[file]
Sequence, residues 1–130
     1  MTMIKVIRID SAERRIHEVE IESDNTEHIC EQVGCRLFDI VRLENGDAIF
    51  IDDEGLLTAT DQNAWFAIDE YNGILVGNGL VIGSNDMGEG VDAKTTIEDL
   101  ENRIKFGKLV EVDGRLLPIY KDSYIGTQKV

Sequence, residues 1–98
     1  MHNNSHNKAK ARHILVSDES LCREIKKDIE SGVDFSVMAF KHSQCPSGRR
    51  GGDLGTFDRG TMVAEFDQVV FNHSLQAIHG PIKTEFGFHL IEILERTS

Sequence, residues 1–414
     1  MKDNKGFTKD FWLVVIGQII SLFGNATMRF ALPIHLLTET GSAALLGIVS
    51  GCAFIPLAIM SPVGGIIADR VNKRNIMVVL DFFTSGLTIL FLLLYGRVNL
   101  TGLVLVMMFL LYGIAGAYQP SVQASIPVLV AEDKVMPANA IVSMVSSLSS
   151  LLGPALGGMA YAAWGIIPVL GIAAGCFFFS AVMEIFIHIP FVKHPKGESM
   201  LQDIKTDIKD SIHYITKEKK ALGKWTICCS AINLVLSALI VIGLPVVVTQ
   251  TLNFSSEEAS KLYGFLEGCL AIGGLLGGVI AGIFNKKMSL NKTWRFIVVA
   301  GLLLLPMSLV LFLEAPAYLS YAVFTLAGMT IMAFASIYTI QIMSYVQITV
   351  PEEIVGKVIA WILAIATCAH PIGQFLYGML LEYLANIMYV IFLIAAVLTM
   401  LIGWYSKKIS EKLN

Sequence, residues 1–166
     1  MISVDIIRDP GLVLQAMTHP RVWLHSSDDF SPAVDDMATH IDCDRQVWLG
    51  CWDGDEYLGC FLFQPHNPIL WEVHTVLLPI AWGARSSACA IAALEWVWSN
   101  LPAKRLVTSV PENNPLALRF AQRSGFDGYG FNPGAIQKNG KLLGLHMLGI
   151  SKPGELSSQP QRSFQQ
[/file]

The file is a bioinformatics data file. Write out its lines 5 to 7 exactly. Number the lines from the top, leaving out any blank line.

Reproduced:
Sequence, residues 1–98
     1  MHNNSHNKAK ARHILVSDES LCREIKKDIE SGVDFSVMAF KHSQCPSGRR
    51  GGDLGTFDRG TMVAEFDQVV FNHSLQAIHG PIKTEFGFHL IEILERTS